The feminist’s guide to East London: top 5 hotspots

London is home to the best of everything: the best cafés, cinemas, parks – and the best feminist hangouts.

I moved to East London in September to come to QM. My reasoning was simple: everything is here. Being from a small town in seaside Dorset (where nothing cool ever happens), London seemed glamorous and chic. And, fulfilling expectations in the way only London can, it is all of these things and a little bit more. Depending on my mood, the ‘little bit more’ perhaps includes the vocab ‘dodgy’ and ‘dirty’.

Queen Mary, however, as all CUB readers will know, is situated in the very unglamorous and un-chic area of Mile End. Scattered with a generous number of kebab takeaway shops, it is every student’s dream – and a vegetarian’s nightmare. Fried chicken shops aside, the wider area of East London is where all the cool kids hang out: Shoreditch clubs (XOYO anyone?), some pretty amazing pubs and a selection of snazzy second-hand and vintage shops (the East End Thrift Store is five minutes away and Brick Lane just around the corner).

But the best thing about East London is by the far all the feminist hangouts I’ve discovered over the past year. They are a world away from my little seaside town – and every East Londoner should give them a visit. Here are my top five feminist spaces and current events:

  1. NEW Gen NOW events at The White Building, Hackney, E9

A new project, NEW Gen NOW, has just started at this arts and technology centre: it is a series of talks and events exploring cyberfeminism and feminism’s internet presence and practices. The feminist creative genius behind Girls Get Busy zine, Beth Siveyer, recently gave a talk here addressing online representation for female artists. Contemporary and important.

Nearest tube stop: Hackney Wick overground /

  1. Gal Space, Limehouse, E1

Gal is an art gallery supporting female artists through exhibitions, events and pop-up shops. It has provided a platform for so many pivotal feminist art projects, including the Beanie Babes products, showcased Vanessa Omoregie’s famous CamGirls project and supported Charlotte Cullen’s Intimates’ Index project.

Nearest tube: Limehouse DLR /

  1. She Grrrowls events at The Gallery Café, Bethnal Green, E2

Carmina Masoliver’s event, She Grrrowls, is an arts event in Bethnal Green supporting female poetry, spoken word, music and comedy every third Monday. This is ideal for listening to fearless females and spine-tingling spoken word – and sipping beer in a beautiful café.

Nearest tube: Bethnal Green central line /

  1. Rich Mix, Shoreditch, E1

This performance venue hosts live music, festivals and cinema screenings. DIY Cultures recently held a zine fair here, including exhibitions and workshops on mental health, creativity and talks on Decolonise It Yourself with Black Feminists and OOMK zine.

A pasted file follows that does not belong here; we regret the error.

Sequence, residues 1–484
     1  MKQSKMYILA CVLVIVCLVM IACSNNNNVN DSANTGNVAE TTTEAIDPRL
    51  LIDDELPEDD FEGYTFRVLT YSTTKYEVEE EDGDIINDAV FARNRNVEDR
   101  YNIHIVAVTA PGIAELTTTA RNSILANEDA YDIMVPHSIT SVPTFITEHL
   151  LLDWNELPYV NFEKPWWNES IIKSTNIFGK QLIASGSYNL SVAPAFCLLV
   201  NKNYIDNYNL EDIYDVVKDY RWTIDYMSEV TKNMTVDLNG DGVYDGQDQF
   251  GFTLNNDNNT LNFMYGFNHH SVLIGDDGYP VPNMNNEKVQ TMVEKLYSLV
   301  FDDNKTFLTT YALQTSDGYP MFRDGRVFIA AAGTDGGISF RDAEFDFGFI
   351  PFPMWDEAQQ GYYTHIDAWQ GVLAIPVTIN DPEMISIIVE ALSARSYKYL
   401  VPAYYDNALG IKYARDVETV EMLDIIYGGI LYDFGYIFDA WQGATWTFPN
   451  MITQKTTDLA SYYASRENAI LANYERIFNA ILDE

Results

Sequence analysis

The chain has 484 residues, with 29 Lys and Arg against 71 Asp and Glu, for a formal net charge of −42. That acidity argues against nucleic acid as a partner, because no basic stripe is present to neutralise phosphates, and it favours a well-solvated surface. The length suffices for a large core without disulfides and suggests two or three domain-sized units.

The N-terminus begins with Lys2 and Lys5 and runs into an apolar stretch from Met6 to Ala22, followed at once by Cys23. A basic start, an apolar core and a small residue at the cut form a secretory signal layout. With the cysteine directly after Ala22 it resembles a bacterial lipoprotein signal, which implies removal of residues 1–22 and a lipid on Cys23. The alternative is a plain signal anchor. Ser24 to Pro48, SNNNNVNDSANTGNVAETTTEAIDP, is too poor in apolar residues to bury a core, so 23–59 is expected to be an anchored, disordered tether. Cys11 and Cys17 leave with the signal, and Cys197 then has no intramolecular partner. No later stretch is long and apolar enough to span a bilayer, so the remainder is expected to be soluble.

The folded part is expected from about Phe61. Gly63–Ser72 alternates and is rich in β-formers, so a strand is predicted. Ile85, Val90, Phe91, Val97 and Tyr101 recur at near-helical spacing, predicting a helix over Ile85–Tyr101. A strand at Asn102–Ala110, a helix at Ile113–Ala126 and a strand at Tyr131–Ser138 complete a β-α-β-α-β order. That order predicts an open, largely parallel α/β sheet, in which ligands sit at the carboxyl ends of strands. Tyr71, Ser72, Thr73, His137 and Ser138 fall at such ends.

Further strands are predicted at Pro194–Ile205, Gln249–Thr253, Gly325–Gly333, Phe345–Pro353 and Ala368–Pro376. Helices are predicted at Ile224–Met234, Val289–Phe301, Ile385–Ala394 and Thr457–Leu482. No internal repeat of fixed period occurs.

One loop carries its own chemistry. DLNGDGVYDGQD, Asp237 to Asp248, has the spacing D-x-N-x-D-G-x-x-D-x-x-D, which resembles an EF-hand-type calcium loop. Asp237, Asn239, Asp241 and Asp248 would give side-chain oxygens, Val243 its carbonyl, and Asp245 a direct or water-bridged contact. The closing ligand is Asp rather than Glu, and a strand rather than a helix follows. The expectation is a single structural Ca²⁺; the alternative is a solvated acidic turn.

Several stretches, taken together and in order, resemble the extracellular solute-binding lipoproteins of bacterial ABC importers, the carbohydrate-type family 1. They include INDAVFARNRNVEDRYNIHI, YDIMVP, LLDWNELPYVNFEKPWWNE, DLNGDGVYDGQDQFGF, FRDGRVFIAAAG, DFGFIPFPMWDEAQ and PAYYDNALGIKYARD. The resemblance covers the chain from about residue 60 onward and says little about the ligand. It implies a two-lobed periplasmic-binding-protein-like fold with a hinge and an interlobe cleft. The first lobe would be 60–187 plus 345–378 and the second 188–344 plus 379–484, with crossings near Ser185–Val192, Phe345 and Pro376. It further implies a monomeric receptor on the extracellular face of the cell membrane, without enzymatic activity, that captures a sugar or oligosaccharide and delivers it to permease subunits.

Nearest tube stop: Shoreditch High Street overground /

  1. Power Lunches, Hackney, E8

This café on Kingsland Road is home to a huge variety of cool arts-related events, supporting female musicians and all sorts of creative fairs. I went to a mini feminist zine fest here a few months ago, which was attended by some amazing women, including the teams from OOMK zine, Girls Get Busy, Tom Tom magazine and SALT zine.

Nearest tube stop: Haggerston overground /


So, fellow QM guys and gals, if you ever feel like a feminist-themed perusal through London, we’re in just the right place. And if you find yourself in Westminster, The Feminist Library is also a good bet for some second-hand theory – and amazing badges. Happy east-end-style feministing!

1 thought on “The feminist’s guide to East London: top 5 hotspots

  1. Hi there,

    I a graduate art photographer in the UK. I thought your viewers and yourself may be interested in my conceptual photography, in which relates to feminism and art in in the contemporary and of course taking into consideration the history of feminism and also the different styles of photography I have used from digital, 35mm film and my most recent project medium format.

    My projects each tell a story of an event which happened to me, trying to inspire women to go forward from sexual violence.. then of course my final major project from this year which is named “You Should Take a Picture it Lasts Longer”, the concept of this is me confronting the camera, based around the theme of the theory of ‘The Male Gaze’, inspired by the work of Sarah Lucas.

    I have held many exhibitions to reveal to other women that they are not alone and if I can document and expose my story, any one can do it!

    For more information take a look at my website

    Thankyou for your consideration,

    Paige Megan Hawley.

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